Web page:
I'm sure I'd have to explain myself a million times to people at shopping malls etc, who'd refuse to let my dog enter. Geez, I've heard about blind people with guide dogs that get discriminated against, I can't imagine what it'd be like trying to explain that this was my diabetes service dog.
    I'm turning 18 soon, so I will be pubbing and clubbing :D and I certainly can't have a dog with me!

    I've heard of some kids here in Australia with hypo alert dogs, and they've been banned from taking them to school :rolleyes::mad: And they cost a lot of money.

    But each to their own! I'm sure its good for some people, but definitely not for me!
     
  5. sparkyjt

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    HSP won't disclose the type of training methods they use. Their methods have patents pending. If they went around telling people how, then they wouldn't have any clients! People would just do it on their own.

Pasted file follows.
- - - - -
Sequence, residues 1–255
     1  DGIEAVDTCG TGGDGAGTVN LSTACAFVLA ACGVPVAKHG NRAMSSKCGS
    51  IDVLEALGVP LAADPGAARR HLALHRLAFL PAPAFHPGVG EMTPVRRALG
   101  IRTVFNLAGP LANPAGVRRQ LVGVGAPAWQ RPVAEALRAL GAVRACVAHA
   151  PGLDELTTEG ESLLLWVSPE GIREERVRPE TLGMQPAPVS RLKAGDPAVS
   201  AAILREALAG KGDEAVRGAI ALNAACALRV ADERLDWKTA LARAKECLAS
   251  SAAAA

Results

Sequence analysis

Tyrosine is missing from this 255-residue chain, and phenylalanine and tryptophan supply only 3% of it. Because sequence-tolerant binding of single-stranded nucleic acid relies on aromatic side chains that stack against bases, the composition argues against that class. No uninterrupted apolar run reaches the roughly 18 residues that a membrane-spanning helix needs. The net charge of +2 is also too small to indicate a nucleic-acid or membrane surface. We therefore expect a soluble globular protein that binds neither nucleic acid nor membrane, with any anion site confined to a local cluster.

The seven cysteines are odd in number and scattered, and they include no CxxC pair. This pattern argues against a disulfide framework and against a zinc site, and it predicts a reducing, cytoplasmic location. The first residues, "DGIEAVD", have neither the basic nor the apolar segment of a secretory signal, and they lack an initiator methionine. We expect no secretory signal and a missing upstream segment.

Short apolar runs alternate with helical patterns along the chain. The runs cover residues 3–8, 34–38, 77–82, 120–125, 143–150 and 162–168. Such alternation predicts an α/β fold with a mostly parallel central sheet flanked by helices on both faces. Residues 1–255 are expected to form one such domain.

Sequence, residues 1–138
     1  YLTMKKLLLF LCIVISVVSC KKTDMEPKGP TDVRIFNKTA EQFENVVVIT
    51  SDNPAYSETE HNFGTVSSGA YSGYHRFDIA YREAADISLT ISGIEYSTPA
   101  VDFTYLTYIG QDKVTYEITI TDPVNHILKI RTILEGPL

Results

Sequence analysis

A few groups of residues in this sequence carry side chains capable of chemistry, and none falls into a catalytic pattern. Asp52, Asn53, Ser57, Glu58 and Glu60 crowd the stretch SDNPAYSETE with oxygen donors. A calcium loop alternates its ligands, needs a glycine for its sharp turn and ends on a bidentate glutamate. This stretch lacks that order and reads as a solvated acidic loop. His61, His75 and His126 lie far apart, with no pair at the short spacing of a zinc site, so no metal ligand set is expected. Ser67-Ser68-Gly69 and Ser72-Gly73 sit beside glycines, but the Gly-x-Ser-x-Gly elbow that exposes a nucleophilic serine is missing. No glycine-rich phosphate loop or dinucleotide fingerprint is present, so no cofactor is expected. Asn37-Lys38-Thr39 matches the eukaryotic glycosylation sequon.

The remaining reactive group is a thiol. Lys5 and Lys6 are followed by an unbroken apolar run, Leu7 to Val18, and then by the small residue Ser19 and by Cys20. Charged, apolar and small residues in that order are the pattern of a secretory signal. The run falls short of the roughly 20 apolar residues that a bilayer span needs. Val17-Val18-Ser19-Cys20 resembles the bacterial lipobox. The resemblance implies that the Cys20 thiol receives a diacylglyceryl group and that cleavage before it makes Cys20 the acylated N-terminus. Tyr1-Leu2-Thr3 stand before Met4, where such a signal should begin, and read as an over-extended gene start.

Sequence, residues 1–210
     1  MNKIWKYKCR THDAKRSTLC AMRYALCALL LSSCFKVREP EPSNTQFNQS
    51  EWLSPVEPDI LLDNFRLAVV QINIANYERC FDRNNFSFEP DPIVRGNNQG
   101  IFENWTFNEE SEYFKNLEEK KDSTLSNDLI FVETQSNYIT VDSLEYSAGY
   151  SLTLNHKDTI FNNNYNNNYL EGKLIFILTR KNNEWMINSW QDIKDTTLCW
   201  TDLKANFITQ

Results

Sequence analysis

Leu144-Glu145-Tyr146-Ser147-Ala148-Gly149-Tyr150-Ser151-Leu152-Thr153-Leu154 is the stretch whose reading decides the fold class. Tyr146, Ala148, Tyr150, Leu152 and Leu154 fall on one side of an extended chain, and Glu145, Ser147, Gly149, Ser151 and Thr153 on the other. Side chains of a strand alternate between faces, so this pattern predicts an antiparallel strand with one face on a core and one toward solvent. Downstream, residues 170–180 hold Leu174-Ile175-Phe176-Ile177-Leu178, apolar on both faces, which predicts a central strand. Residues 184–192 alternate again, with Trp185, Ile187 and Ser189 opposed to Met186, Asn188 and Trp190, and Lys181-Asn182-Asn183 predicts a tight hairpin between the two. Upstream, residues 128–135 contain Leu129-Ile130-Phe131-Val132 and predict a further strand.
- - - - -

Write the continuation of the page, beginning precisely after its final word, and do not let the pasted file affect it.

As for the CGMS argument, the dogs usually catch the low long before the CGMS does. There is currently a child there in the training who has a CGMS and it's amazing to see how much more quickly the dog picks up on it. The CGMS shows a downward trend but when she checks her sugar it's usually not anywhere near what the CGMS says. The dog is usually more accurate. I've heard that's the problem with CGMS too. I'm sure as technology advanced, they will get better though.
    As for school, these dogs are certified service dogs. It is legal for them to attend school as well as be in any other public place. It is illegal for any school or other establishment to kick them out if they are a certified service dog. The drawbacks you mentioned, however, are real and something someone needs to seriously consider before committing to a get a service dog. You must keep in mind that the dog must be with you 24/7.
     
  6. CC'sMom

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    I'm interested in this too. I posted about it a few days ago. Hope someone who has a dog that alerts can share some info on this.